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Iran Press TV

Russia denounces as 'unacceptable' US claims over Navalny case

Iran Press TV

Thursday, 10 September 2020 2:44 PM

Russia has lambasted as "unacceptable" a statement by the United States alleging that senior Russian officials might have been behind the purported poisoning of Russian opposition figure Alexei Navalny.

In a statement on Thursday, Kremlin spokesman Dmitry Peskov said that Moscow considered "unacceptable any direct or indirect suggestions that Russian officials were involved in this."

His comments were in response to claims made by US Secretary of State Mike Pompeo who on Wednesday alleged that "it is a substantial chance that" the poising of Navalny with Novichok nerve agent "actually came from senior Russian officials."

The US top diplomat further said that the US and its allies in Europe wanted Moscow to "hold those responsible for this accountable."

Last week, American President Donald Trump had said that he had seen no proof that the top Kremlin critic was poisoned.

Navalny, 44, got ill on a domestic Russian flight on August 20. He was later transported to the German capital, Berlin, where he is currently under observation.

Doctors at a Russian hospital, where he was initially admitted to, found no traces of poisoning in his blood or tissue samples and said that the deterioration in his health had been caused by a sudden drop of glucose in his blood due to a metabolic imbalance.

However, German Chancellor Angela Merkel was quick to allege that there was "unequivocal evidence" that Navalny had been poisoned with a Novichok nerve agent and that she would consult NATO allies about how to respond.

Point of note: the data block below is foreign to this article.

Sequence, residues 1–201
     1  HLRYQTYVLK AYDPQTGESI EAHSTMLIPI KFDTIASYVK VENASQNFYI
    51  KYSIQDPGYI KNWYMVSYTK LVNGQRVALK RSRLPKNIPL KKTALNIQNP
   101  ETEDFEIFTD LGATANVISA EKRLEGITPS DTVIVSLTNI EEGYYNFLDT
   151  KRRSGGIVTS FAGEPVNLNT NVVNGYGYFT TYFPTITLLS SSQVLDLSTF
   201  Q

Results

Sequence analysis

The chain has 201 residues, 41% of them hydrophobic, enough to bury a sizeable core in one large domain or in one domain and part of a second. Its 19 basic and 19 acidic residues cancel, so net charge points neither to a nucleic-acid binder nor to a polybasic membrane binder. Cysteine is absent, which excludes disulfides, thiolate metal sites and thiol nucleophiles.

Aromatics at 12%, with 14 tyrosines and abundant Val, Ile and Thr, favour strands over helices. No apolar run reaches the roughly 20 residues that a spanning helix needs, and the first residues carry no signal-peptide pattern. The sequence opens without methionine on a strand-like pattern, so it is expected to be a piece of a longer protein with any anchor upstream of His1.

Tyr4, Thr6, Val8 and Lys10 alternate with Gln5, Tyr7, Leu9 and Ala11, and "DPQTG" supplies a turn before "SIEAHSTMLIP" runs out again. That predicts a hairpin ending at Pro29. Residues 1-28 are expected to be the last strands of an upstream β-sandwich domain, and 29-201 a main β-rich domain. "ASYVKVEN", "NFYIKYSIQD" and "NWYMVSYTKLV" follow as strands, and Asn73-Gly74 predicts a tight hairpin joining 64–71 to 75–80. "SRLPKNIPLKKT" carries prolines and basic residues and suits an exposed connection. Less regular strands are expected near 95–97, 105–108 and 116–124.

British Foreign Secretary Dominic Raab has also echoed the same allegations leveled by Merkel against Moscow, claiming that it was "clear" that Navalny had been poisoned with Novichok.

The opposition figure's associates, for their parts, also claim that the purported use of Novichok, a military-grade nerve agent, allegedly showed that only Moscow could be responsible.

The Russian government has fiercely denied any involvement in the so-called "poisoning" case, warning other countries against jumping to conclusions without knowing the full facts.

After initial claims were made that he had been poisoned, Moscow asked Germany for his medical records and warned other countries against jumping to conclusions without knowing the full facts.

Russia has "an interest in finding the reasons for what happened" to Navalny, Peskov further said on Thursday, renewing Moscow's complaint that it had not received information from Berlin on the results of medical tests that led Germany to conclude that Navalny was poisoned.

He also stressed that Russian officials were seeking cooperation with those of Germany but did not see their efforts being reciprocated.

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